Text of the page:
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Proposed Rule

Approval and Promulgation of Air Quality Implementation Plans; Pennsylvania; One-Hour Ozone Attainment Demonstration Plan for the Philadelphia-Wilmington-Trenton Ozone Nonattainment Area

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Information about this document as published in the Federal Register.

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AGENCY:

Environmental Protection Agency (EPA).

ACTION:

Supplemental notice of proposed rulemaking.

SUMMARY:

EPA is proposing to approve a State Implementation Plan (SIP) revision submitted by the Commonwealth of Pennsylvania. This revision submits an analysis and determination that there are no additional reasonably available control measures (RACM) available to advance the area's attainment date after adoption of all Clean Air Act (Act) required measures. On December 16, 1999, EPA proposed to approve, and to disapprove in the alternative, the attainment demonstration State implementation plan (SIP) for the Philadelphia-Wilmington-Trenton severe ozone nonattainment area (the Philadelphia area). The intended effect of this action is to propose approval of a reasonably Start Printed Page 45798available control measure (RACM) analysis submitted by the Commonwealth of Pennsylvania. This action is being taken in accordance with the Clean Air Act.

DATES:

Written comments must be received on or before October 1, 2001.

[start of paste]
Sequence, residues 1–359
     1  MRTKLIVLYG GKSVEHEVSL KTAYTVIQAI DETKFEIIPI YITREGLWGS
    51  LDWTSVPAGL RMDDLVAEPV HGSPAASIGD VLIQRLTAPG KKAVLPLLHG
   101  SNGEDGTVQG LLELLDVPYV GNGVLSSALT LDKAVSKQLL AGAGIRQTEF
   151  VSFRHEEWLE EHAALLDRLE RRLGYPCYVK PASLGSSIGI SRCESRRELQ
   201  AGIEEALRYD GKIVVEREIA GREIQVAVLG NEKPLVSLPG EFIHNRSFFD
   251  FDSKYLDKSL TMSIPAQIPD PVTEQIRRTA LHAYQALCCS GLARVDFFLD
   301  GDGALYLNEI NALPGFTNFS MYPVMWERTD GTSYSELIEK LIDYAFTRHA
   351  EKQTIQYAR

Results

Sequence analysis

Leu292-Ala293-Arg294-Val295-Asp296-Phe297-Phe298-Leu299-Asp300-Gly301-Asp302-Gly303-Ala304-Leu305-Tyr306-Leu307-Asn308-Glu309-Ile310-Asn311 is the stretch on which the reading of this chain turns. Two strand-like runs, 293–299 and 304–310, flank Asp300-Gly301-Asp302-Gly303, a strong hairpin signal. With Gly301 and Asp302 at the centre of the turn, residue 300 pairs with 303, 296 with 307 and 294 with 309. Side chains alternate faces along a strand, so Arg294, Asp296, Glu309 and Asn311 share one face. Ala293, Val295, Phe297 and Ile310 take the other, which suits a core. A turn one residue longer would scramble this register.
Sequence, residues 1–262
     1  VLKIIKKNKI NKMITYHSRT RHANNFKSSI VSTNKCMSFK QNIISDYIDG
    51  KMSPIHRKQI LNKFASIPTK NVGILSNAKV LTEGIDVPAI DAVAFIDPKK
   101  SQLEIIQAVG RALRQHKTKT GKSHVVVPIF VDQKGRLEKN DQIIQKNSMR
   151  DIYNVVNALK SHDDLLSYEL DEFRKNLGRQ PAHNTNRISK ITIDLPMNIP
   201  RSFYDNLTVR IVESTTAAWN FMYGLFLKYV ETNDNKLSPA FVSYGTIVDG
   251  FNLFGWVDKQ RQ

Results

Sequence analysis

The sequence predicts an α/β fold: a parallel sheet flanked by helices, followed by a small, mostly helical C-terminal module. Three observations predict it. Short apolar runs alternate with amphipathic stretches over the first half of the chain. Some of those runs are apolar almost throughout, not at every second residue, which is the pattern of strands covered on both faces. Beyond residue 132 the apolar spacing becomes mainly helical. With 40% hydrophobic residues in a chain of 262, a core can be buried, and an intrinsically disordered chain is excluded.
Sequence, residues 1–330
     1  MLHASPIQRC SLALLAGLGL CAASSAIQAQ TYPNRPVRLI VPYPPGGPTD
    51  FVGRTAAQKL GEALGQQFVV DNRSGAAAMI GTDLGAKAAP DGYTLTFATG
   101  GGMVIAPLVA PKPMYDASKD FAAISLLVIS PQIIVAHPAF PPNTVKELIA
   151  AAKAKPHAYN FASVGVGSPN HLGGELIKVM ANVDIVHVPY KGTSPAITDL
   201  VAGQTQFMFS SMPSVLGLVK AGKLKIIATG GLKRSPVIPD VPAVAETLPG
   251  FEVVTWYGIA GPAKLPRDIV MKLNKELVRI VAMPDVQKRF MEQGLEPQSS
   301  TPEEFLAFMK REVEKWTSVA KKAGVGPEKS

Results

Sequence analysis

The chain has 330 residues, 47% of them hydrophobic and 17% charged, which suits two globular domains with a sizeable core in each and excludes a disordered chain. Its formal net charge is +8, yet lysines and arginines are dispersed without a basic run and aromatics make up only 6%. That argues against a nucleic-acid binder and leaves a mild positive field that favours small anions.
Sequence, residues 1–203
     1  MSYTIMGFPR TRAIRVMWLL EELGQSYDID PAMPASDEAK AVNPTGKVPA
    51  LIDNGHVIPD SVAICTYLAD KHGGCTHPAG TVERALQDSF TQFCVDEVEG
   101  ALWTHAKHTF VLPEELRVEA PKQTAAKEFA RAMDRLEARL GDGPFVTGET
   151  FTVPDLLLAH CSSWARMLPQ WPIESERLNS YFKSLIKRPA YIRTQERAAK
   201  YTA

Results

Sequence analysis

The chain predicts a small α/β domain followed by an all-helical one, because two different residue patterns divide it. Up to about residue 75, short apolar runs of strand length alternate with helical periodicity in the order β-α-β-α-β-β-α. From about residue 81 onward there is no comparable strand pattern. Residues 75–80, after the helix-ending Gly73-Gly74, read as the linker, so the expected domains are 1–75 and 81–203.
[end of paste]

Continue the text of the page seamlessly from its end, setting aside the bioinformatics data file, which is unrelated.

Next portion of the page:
ADDRESSES:

Written comments may be mailed to David L. Arnold, Chief, Air Quality Planning and Information Services, Mailcode 3AP21, U.S. Environmental Protection Agency, Region III, 1650 Arch Street, Philadelphia, Pennsylvania 19103. Copies of the documents relevant to this action are available for public inspection during normal business hours at the Air Protection Division, U.S. Environmental Protection Agency, Region III, 1650 Arch Street, Philadelphia, Pennsylvania 19103; and the Pennsylvania Department of Environmental Protection, Bureau of Air Quality Control, P.O. Box 8468, 400 Market Street, Harrisburg, Pennsylvania 17105.

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FOR FURTHER INFORMATION CONTACT:

Christopher Cripps, (215) 814-2179. Or by e-mail at cripps.christopher@epa.gov. Please note that while questions may be posed via telephone and e-mail, formal comments must be submitted, in writing, as indicated in the ADDRESSES section of this document.

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SUPPLEMENTARY INFORMATION:

I. Background

A. When did Pennsylvania submit the RACM analysis? On July 19, 2001, the Commonwealth of Pennsylvania (Pennsylvania) submitted the RACM analysis for the Philadelphia area as a SIP revision.

B. Did Pennsylvania submit any other revisions to or other material relevant to the attainment demonstration on July 19, 2001? On July 19, 2001, Pennsylvania also submitted revised motor vehicle emissions budgets for the Pennsylvania portion of the Philadelphia area that include the benefits of the Federal Tier 2/Sulfur rule, and a revised enforceable commitment to conduct a mid-course review. The revised budgets and revised enforceable commitment submitted on July 19, 2001 are the subject of a separate supplemental notice of proposed rulemaking published recently in the Federal Register.